November is a lousy fucking month. All I have wanted to do lately is lie in bed and play Final Fantasy Tactics. It's a good thing I can't do both at the same time.

Before I arrive at a proper answer to the question I posed in the last post, I'm going to have to do a little research in conjunction with my ruminations. Before going into exile, my father left me with a copy of Maryanne Wolf's Proust and the Squid. Once I finish it, I hope to understand enough about the act of reading to arrive at an informed idea of how it most differs from the dominant media of the day and what books can give us that television and video games cannot. I will begin reading as soon as I finish taking notes on Plato's Theaetetus. (Probably could have found a better dialogue to start with; this one doesn't even arrive at a bloody answer to its own question, but it wanders through some interesting places.)

As I finally begun picking up steam again with the Lotus Eaters, another rejection slip for The Zeroes arrived in the mailbox this afternoon. The more times you are told that "our decision is not an indication of the merit of your manuscript or your ideas," the harder it is to believe it.

Well, back to Tactics.

Wednesday, November 10, 2010

Hey! Whatchoo readin' fer?

I have not been updating this gentleman as often as I would like or had originally intended, so I apologize for any nights you may have stayed up feverishly clicking your brower's reload button, hoping, praying, fiending for a new transmission from bitspace. This new prose project has been occupying most of my free time lately; it is probably hopeless as a novella, and will likely end up being another novel (though probably only half as long as the first -- which I still can't get anyone to publish, thank you for asking). If I can finish it by the end of the month, I have promised myself an Xbox 360. And if I don't? Well, I guess I'll just have to keep spending my spare change on tumor-growing pleasure sticks instead of downloadable brain corrosives. (But given the choice, I'd prefer to hunker down with King of Fighters 2002 UM and Rez until the days start getting longer again on December 21 or so.)

As I work on this new project (the title is "Lotus Eaters;" whether or not a "the" will get stuck at the beginning is still under deliberation), my doubting and cynical self is chiding my creative self for acting foolishly and wasting his effort. You can't sell the first book; what makes you think you'll have any better luck with a second?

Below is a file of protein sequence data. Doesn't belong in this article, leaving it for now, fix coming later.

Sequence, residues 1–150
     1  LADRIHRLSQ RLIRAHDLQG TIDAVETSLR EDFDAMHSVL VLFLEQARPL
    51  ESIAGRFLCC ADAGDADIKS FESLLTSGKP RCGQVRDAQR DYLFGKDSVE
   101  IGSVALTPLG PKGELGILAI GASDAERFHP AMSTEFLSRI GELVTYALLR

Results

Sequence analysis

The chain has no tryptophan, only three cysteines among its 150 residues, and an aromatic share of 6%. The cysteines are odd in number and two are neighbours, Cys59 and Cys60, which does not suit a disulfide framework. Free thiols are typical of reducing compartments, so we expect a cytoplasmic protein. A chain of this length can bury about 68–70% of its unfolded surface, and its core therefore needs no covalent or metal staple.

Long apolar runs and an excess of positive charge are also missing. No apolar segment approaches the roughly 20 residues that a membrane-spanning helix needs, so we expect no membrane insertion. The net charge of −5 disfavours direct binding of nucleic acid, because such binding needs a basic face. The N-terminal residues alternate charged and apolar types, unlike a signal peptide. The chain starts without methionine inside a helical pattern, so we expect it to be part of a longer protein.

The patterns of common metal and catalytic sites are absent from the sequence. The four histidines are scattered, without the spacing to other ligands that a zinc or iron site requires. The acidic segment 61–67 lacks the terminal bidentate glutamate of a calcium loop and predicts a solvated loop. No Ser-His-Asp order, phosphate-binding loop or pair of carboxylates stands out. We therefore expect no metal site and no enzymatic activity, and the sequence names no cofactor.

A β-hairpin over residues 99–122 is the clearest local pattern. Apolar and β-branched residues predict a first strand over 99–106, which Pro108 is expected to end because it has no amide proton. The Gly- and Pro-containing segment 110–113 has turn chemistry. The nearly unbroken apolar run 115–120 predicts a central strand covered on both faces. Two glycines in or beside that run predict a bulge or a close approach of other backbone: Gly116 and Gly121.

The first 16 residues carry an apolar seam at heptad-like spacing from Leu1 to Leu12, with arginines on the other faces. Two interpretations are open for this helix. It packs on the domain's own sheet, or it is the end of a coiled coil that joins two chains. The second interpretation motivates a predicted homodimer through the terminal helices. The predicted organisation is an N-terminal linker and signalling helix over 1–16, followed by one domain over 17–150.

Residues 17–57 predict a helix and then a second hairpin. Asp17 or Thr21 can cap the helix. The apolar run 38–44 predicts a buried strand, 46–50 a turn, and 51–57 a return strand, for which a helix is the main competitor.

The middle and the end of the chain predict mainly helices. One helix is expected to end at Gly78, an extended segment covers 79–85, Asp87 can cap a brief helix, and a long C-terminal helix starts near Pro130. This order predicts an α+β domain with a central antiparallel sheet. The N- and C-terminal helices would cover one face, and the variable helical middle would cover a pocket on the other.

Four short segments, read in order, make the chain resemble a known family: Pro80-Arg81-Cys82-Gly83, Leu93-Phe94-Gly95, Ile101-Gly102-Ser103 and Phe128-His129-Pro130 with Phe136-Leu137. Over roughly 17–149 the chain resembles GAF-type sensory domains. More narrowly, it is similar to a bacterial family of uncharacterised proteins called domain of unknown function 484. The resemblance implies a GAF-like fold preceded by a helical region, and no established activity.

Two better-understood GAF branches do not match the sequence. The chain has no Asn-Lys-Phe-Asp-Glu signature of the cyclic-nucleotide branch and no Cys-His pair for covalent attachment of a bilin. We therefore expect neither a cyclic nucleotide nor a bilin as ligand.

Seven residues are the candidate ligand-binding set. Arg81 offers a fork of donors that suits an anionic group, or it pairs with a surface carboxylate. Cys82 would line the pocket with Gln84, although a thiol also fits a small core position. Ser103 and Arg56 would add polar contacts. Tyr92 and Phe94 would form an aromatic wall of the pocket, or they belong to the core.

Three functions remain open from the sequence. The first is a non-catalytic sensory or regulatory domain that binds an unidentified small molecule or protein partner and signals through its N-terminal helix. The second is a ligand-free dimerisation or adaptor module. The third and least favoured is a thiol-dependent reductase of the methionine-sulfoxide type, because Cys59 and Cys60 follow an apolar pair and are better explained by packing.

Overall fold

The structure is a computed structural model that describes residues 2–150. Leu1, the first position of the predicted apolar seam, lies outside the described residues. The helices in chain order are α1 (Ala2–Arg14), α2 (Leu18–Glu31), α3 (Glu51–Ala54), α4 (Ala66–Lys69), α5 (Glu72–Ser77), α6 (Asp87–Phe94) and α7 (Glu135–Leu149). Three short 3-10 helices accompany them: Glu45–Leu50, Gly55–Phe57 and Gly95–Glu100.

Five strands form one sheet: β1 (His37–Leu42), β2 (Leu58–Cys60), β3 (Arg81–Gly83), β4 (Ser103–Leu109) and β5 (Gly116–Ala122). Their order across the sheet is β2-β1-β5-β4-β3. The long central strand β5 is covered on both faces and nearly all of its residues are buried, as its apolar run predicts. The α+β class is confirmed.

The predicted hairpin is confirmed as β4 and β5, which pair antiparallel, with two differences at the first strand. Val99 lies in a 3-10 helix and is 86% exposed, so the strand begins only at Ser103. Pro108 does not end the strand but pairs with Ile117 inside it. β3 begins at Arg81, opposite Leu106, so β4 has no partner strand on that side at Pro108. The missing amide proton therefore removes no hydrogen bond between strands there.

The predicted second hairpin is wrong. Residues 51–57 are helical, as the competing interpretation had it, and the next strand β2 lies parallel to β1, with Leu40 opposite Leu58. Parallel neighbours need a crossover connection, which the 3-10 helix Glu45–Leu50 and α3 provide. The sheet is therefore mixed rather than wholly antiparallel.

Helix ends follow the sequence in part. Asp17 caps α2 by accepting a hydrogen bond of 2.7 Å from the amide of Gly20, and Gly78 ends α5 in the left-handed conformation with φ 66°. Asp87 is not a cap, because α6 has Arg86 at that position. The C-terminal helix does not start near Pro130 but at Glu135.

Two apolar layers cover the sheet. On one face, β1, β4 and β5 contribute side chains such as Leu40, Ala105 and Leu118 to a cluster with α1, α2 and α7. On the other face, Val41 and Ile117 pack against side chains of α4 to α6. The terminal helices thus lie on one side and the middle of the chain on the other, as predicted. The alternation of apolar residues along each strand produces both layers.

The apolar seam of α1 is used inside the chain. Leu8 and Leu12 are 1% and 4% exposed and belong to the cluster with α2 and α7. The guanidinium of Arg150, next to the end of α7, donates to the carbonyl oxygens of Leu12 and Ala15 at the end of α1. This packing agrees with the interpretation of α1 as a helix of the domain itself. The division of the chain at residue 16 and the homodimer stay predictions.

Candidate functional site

He has a point. I see this project meeting with about as much success as the first (zero), and even if it did get published -- somewhere, somehow -- what would it matter? Nobody would read it. Nobody gives a fuck about fiction anymore. Why don't I just resign myself to writing nothing but video game commentary for the next twenty years and at least being assured an audience?

It saddens me that the wider public doesn't read fiction for pleasure unless their arms are twisted into it. And I'm not just saying this own my own behalf, either. People are seriously missing out. Yesterday I reread Herman Melville's "Benito Cerino" before sitting down to start a new game in Final Fantasy Tactics. As I looked back on what I did that day, which do you suppose seemed the better use of my time?

If you've followed my work for any length of time, you've noticed I like to ruminate on the aspects of DIGITAL INTERACTIVE ENTERTAINMENT MEDIA that set it apart from the classical -- or at least older -- modes of entertainment/expression. It is true that video games can do a lot of things of which non-interactive and non-visual media, such as prose, are simply incapable. But now that video games and fiction have reversed positions -- the one that once struggled to validate its existence is now one of the most lucrative, widely consumed, and analyzed of our pastimes, while the other is practically hanging by a thread, slipping further into irrelevance as public interest and corporate profits dwindle -- I think it is worth backpedaling a bit and looking at what makes fiction what it is. What can fiction offer us that new media cannot?

For the best answer, please consult The Curtain, by Milan Kundera. For my answer -- which will probably be very similar to Kunera's, albeit shorter, less erudite, and far less eloquent -- well, sit tight a few days. I'd like to think it over a few minutes. In the meantime, I would be interested in knowing your thoughts.

Sunday, November 7, 2010

Autumn poems by Po Chü-i

Today was the end of daylight savings, a date which has all but formally replaced the equinox as our occasion for marking the shifting seasons. To celebrate (or mourn), tonight I am posting a few pieces from translator Dave Hinton's collection of Po Chü-i poems. Enjoy or else.

* * * * *

Autumn Thoughts, Sent Far Away

We all share these disappointments of failing
autumn a thousand miles apart. This is where

autumn wind easily plunders courtyard trees,
but the sorrows of distance never scatter away.

Swallow shadows shake out homeward wings.
Orchid scents thin, drifting from the old thickets.